After a long and eventful summer Tainui has finally arrived. We ran east down Rhodos Strait stopping at secluded anchorages. But we were no longer alone, sharing our journey with Turkish guletts, Eurvision Song Contest beneteaus and bling boats, increasing in number as we approached our destination.
Cruising means constant surprise. If, like me, you live from day to day and do not research your journey fastidiously, every new sunrise brings surprise. I had no idea what Marmaris would be like but all these boats were a bit depressing. Virtually none for 4,500 miles and now, suddenly, millions of them.
But Marmaris Bay is a truly wonderful bit of water, where Lord Nelson prepared his fleet for the Battle of Cairo. High jagged hills cradle a splendid harbour with islets, protected bays and crystal clear water. A steady, warm 20 knot northerly, yachts everywhere, 2 races in progress. It felt like Sydney Harbour on an early summer afternoon as we made for the marina which Ercan had booked for us.
And what a marina! A veritable forest of masts and a marina runabout waiting at the entrance to guide us to our berth and handle our lines for us.
I suppose this is a normal stopover for most of the yachts here, but for us it is so novel as to be unbelievable. I will be happy poking about in the huge chandlery and working my way through all the boat jobs which have accrued over the last 12 months.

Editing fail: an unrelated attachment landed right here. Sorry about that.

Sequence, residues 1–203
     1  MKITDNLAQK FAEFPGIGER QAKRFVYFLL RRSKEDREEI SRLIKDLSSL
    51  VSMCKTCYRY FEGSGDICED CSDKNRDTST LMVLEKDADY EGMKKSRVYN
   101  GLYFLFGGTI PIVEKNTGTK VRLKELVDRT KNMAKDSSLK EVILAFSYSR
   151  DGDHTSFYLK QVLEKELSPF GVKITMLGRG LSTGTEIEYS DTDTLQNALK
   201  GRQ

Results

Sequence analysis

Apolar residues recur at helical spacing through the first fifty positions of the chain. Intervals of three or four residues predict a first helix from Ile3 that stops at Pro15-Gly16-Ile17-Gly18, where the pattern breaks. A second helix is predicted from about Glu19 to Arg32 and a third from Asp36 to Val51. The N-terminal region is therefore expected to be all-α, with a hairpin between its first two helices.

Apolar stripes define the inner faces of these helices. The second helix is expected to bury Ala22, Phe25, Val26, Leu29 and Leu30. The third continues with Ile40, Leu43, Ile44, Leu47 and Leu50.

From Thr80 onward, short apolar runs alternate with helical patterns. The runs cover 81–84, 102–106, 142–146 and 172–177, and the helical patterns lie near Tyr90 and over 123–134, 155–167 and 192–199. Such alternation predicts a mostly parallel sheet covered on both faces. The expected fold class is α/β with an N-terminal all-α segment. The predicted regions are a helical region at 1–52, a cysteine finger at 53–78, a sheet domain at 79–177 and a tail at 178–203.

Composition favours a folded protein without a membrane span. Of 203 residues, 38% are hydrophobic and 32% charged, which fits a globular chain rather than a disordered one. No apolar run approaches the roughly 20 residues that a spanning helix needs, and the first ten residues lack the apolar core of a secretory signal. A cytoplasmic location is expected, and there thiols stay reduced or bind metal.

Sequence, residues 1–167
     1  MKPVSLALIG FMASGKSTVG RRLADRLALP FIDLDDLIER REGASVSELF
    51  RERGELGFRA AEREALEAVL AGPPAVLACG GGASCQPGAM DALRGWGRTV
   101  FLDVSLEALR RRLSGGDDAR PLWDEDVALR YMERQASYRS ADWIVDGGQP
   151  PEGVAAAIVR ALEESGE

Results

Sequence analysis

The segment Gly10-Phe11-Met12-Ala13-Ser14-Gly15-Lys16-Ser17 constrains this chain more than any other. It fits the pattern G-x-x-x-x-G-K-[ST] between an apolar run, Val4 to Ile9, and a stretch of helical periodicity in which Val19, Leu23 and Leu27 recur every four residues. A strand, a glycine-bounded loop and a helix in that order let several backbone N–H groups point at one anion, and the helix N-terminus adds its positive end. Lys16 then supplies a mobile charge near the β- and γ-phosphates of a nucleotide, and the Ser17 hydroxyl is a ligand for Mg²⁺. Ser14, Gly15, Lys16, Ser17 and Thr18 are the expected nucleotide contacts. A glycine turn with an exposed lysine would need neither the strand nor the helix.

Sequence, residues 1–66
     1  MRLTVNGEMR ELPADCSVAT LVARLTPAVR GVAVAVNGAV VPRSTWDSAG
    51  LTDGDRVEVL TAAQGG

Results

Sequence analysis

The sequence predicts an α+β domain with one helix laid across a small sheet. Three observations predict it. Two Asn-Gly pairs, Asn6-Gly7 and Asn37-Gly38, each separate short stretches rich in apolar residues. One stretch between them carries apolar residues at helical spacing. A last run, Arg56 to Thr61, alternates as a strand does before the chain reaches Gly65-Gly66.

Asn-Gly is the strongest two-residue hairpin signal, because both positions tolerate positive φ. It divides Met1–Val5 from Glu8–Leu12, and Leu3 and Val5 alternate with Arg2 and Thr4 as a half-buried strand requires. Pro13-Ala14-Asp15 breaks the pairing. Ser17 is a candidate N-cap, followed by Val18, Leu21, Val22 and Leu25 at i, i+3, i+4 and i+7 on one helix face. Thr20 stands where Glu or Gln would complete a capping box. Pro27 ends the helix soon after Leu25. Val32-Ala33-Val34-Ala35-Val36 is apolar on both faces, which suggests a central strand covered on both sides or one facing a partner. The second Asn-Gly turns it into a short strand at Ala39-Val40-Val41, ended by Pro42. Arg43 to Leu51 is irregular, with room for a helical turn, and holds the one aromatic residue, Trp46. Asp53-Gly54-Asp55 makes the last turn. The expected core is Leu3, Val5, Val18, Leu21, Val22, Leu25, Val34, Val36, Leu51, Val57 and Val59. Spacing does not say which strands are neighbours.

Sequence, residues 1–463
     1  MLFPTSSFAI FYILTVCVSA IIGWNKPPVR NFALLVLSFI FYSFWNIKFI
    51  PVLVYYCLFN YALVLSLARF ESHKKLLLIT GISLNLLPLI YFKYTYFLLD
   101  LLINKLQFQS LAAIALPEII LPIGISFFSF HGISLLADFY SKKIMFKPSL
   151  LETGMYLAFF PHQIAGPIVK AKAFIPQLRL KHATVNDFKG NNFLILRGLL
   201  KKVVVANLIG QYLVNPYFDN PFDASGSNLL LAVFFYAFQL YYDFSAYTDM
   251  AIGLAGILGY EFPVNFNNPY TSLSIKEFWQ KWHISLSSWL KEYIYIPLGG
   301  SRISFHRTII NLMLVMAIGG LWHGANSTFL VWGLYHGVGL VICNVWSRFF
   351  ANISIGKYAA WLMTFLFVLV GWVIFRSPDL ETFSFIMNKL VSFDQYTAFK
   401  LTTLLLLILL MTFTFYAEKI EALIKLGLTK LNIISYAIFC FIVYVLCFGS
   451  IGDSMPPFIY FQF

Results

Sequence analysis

As everywhere in Turkey, the local people here are hospitable and generous. Ercan Erkut, who will be looking after Tainui over the winter, took us with his wife and Orcan to a splendid lunch in a local cafe, off the tourist track. He would hear nothing of my effort to contribute – “in Turkey, this is our way”, he said. I was reminded of the optometrist in Dikili, who spent an hour repairing my glasses for me. When he heard I was Australian he said there would be no charge. “This is for the ANZACs,” he said.
Tainui is to be hauled on Monday. Before then Pasha and I will have one last go at the engine coolant problem (replacing the capillary stack in the header tank), run a new wind instrument cable down through the mast, stow sails and deck gear, then pack our bags.
It is all over. Or perhaps it is just beginning….